So true sandbox games is decentralized of any one source of power or resource. It's you are in control of your sphere of influence, but world domination can't be achieved, it's too organic to allow it. It's an Utopian game.

  • iixviiiixiixviiiix GSPosts: 830Member Uncommon

    So basic of this wall of text talk about how irony of PVP in open world sandbox MMOs that sandbox all about free to do things you like but free to PK in FFA PVP will ruin the game right ?

    IF i right , then

    where's my free to send the reds in jail after i hunt them down ?

    Where's my free to use 911 summon spell to summon the cop/guard when i see Red ?

    Where's my right to hide guard to keep me safe from those "bullied"

    So why those sandbox wasn't like GTA where cops spam to your place when you kill someone?

     

     

  • Kevyne-ShandrisKevyne-Shandris Hephzibah, GAPosts: 1,946Member
    Originally posted by iixviiiix

    So why those sandbox wasn't like GTA where cops spam to your place when you kill someone?

     

    PvP is about ganking as described by too many. Any concept of fairness won't have cops.

  • iixviiiixiixviiiix GSPosts: 830Member Uncommon
    Originally posted by UNATCOII
    Originally posted by iixviiiix

    So why those sandbox wasn't like GTA where cops spam to your place when you kill someone?

     

    PvP is about ganking as described by too many. Any concept of fairness won't have cops.

    Then what with the concept of kingdom in first place ,  Are those kingdom lawless wild land ?

    How about those useless lazy ass guards go around in city and town ?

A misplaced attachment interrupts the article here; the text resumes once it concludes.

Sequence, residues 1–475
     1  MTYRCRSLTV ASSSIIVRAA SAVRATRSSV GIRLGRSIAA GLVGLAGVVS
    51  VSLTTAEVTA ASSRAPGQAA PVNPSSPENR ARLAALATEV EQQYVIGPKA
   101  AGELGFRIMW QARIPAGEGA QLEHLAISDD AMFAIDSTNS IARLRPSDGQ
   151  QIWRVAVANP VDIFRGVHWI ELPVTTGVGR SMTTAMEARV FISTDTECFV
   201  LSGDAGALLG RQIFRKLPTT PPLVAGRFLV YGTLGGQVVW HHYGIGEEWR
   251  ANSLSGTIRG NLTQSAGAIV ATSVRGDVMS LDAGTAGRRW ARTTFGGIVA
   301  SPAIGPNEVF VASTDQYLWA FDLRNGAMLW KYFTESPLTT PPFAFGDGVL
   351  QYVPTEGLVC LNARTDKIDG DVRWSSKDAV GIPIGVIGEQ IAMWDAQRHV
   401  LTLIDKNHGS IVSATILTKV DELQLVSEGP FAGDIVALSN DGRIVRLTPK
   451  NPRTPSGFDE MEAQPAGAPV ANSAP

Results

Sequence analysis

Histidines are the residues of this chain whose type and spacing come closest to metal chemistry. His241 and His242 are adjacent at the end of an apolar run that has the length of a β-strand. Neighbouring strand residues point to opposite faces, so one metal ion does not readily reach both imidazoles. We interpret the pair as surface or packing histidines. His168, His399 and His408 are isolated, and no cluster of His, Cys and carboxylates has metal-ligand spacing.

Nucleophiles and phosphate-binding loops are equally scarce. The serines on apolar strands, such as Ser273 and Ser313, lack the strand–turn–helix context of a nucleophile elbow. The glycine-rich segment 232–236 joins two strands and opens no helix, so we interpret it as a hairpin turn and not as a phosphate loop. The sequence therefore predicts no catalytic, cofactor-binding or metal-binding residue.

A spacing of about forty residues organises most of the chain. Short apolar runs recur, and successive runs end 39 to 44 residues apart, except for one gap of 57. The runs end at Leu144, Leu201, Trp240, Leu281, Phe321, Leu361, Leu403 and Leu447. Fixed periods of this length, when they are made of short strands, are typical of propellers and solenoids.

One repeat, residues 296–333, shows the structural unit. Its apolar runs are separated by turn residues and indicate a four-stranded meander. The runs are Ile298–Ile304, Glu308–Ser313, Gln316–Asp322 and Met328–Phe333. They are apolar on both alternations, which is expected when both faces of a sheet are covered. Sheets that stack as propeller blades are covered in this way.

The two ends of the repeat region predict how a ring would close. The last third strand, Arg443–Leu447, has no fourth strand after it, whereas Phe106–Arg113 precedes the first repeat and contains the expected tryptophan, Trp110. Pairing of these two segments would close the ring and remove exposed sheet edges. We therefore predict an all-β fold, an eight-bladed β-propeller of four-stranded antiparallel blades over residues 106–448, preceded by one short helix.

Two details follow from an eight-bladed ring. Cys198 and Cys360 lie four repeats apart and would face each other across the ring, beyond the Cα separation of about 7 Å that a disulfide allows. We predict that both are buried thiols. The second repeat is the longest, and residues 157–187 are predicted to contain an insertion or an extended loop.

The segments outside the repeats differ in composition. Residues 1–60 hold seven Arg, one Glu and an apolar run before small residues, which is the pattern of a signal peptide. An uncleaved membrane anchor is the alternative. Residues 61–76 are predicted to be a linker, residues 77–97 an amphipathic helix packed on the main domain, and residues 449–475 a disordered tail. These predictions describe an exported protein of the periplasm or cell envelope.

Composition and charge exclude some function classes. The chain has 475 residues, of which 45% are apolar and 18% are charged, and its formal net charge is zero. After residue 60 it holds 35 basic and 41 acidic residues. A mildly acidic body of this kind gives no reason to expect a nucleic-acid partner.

I call that kind of free are half ass setting

    Called sandbox free to chose what you do but they have the free to do things to people and i don't have any free to do things to them ?

    Do it free for people to resign as cop and catch Reds ?

     

  • AxehiltAxehilt San Francisco, CAPosts: 8,681Member Uncommon

    Don't know that it's irony exactly.  Even the term "sandbox" implies that while you have a ton of control over what you create, you don't create the sand itself.

    But yes, the most successful sandbox MMOs will end up being the ones that sit on top of strong themepark gameplay.  If an experience is too freeform, it's not a game and players are less interested in it.  So it's always a mix of player-created (sand) and dev-created (themepark ride) elements which results in games players generally enjoy the most.

    Also, I don't think PVP is required for a good sandbox.  For me, it's kinda the opposite.  All the PVP sandboxes I've tried have had the worst, shallowest form of PVP possible while the sandboxes I've enjoyed most were PVE ones (Terraria, Don't Starve, and Haven & Hearth.)

    "Joe stated his case logically and passionately, but his perceived effeminate voice only drew big gales of stupid laughter..." -Idiocracy
    "There is only one good, knowledge, and one evil, ignorance." -Socrates

  • Kevyne-ShandrisKevyne-Shandris Hephzibah, GAPosts: 1,946Member
    Originally posted by iixviiiix
    Originally posted by UNATCOII
    Originally posted by iixviiiix

    So why those sandbox wasn't like GTA where cops spam to your place when you kill someone?

     

    PvP is about ganking as described by too many. Any concept of fairness won't have cops.

    Then what with the concept of kingdom in first place ,  Are those kingdom lawless wild land ?

    How about those useless lazy ass guards go around in city and town ?

    I call that kind of free are half ass setting